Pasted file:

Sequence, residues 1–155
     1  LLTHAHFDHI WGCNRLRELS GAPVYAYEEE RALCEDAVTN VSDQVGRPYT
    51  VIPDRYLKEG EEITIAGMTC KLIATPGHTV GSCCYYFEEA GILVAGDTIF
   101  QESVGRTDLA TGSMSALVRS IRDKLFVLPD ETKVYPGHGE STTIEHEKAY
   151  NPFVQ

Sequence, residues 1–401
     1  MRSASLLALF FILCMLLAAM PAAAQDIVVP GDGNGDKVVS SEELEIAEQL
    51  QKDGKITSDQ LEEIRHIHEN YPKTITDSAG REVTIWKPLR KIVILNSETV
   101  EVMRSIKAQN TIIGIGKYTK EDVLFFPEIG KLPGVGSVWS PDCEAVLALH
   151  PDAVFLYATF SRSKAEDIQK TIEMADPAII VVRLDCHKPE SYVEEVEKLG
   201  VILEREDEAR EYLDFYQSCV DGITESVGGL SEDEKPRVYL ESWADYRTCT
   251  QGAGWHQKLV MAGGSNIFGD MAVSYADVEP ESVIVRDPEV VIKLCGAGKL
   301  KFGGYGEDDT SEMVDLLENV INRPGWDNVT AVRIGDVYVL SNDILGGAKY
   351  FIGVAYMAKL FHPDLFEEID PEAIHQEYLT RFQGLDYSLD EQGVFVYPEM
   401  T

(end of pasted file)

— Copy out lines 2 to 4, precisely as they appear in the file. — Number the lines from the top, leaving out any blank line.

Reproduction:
     1  LLTHAHFDHI WGCNRLRELS GAPVYAYEEE RALCEDAVTN VSDQVGRPYT
    51  VIPDRYLKEG EEITIAGMTC KLIATPGHTV GSCCYYFEEA GILVAGDTIF
   101  QESVGRTDLA TGSMSALVRS IRDKLFVLPD ETKVYPGHGE STTIEHEKAY